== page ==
In that case they would not be able to get the performance/power usage which is the entire purpose of their new SoC.

    I imagine they will come to some arrangement with ARM.

    High-performance RISC-V laptops will be nice, some day.
    Reply
  • TerryLaze
    suryasans said:
    Qualcomm should use x86-64 ISA for its upcoming SoCs since AMD64 patents have been expired. It's highly likely a very respected company like Qualcomm will get a comprehensive cross lisensing agreement from both Intel and AMD without paying expensive royalties like what has been happened to ARM architectural licensees.
    LOL in what world do you live in?!
    Intel is never going to give away any of their IP to anybody,
    and AMD can't afford to have another competitor period.

    Building a CPU based solely on expired patents is as lucrative as it sounds, you will be spending countless amounts of money to develop something that stopped being relevant decades ago.
    Reply
  • bit_user
    Wow, and I thought Apple would be the one to take them down.

    Anyway, I highly doubt this will derail Qualcomm/Nuvia. They have too much at stake and ARM knows it. It's just an extortion play, and a dangerous one at that. ARM needs to pad its revenues in preparation for its upcoming IPO, but if they're too aggressive about this sort of thing, it could put off other licensees.

    I don't have one iota of pity for Qualcomm. I haven't followed their various legal issues, over the years, but I gather they're the aggressor in more than 50% of the cases. I think the ones ultimately at fault are the Wall St. firms pushing Qualcomm to monetize every last cent out of their IP. That greed permeated its way into Qualcomm's corporate culture, causing them to underinvest in their own design teams, which is why they had to go out and buy someone like Nuvia to once again have a competitive core design.
    Reply
  • bit_user
    TerryLaze said:
    LOL in what world do you live in?!
    You missed the most obvious problem with that idea, which is that Intel already tried using x86 for phones (Qualcomm's main business), and it failed spectacularly.
    Reply
  • renz496
    suryasans said:
    Qualcomm should use x86-64 ISA for its upcoming SoCs since AMD64 patents have been expired. It's highly likely a very respected company like Qualcomm will get a comprehensive cross lisensing agreement from both Intel and AMD without paying expensive royalties like what has been happened to ARM architectural licensees.

    Lol if that's the case nvidia already have their x86 CPU right now. Intel sour the cross licensing deal they had with nvidia in 2004 out of the fear nvidia will make their own x86 CPU. On the surface it is about the chipset nvidia make for intel cpu but the settlement in 2011 confirms about intel fear about nvidia making x86 cpu. Also intel most definitely not forgetting the anti competitive thing Qualcomm did with their "Snapdragon package" on mobile market before which in the end billions that intel spend to enter that market just go up in the flames. Intel for their part has been doing everything in their power to not make another x86 player enter the market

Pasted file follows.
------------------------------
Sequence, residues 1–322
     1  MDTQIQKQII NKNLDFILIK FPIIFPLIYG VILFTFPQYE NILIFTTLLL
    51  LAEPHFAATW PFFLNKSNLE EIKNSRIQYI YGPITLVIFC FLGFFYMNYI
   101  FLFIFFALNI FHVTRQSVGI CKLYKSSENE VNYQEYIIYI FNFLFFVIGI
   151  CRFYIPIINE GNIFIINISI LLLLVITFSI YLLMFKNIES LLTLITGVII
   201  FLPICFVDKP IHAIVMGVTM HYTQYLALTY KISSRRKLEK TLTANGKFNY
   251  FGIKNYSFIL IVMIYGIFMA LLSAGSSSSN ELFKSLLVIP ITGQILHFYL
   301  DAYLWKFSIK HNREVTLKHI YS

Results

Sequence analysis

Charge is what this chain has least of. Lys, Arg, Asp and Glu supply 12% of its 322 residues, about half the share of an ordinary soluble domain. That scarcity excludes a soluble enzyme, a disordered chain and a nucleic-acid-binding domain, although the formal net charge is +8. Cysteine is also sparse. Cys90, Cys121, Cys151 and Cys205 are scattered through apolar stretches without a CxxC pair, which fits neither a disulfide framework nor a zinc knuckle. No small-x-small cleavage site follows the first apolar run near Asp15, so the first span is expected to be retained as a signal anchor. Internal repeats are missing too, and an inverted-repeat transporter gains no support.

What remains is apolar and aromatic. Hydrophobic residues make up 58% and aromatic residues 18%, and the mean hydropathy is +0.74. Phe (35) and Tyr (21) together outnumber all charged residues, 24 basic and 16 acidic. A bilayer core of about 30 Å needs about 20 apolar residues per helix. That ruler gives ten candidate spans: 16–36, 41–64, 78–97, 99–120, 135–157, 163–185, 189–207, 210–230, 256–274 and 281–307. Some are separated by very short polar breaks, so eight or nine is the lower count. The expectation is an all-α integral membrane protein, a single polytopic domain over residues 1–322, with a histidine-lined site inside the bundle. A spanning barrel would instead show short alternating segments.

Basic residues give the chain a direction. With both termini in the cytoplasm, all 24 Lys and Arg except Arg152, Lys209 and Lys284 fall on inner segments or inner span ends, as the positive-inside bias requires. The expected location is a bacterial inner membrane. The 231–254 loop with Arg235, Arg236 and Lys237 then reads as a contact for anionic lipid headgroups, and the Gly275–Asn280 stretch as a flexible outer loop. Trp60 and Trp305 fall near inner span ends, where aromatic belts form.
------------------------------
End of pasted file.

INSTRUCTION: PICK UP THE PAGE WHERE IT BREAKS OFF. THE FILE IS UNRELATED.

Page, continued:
Reply
  • renz496
    bit_user said:
    You missed the most obvious problem with that idea, which is that Intel already tried using x86 for phones (Qualcomm's main business), and it failed spectacularly.

    And intel failed on mobile (smartphones) mainly because of Qualcomm not so much because of ARM is better than intel x86.
    Reply
  • bit_user
    renz496 said:
    And intel failed on mobile (smartphones) mainly because of Qualcomm not so much because of ARM is better than intel x86.
    Is that why Intel's SoCs had so few takers?

    Look, it's no secret that x86 just doesn't scale down well to low power. Apart from the phone market, Intel also tried to tackle the IoT market with its Edison product line. That didn't last long, either.
    Reply
  • watzupken
    bit_user said:
    Wow, and I thought Apple would be the one to take them down.

    Anyway, I highly doubt this will derail Qualcomm/Nuvia. They have too much at stake and ARM knows it. It's just an extortion play, and a dangerous one at that. ARM needs to pad its revenues in preparation for its upcoming IPO, but if they're too aggressive about this sort of thing, it could put off other licensees.

    I don't have one iota of pity for Qualcomm. I haven't followed their various legal issues, over the years, but I gather they're the aggressor in more than 50% of the cases. I think the ones ultimately at fault are the Wall St. firms pushing Qualcomm to monetize every last cent out of their IP. That greed permeated its way into Qualcomm's corporate culture, causing them to underinvest in their own design teams, which is why they had to go out and buy someone like Nuvia to once again have a competitive core design.
    Considering that Qualcomm have deliberately delay and buying time, instead of working something out with ARM, I am pretty sure they will play the same game in the courts. There is a lot of stake for Qualcomm to just destroy what the Nuvia team were working on. At the same time, I feel they are unsure of the success of the product, and so would make sense for them to drag it out to see if it is worth paying.
    Reply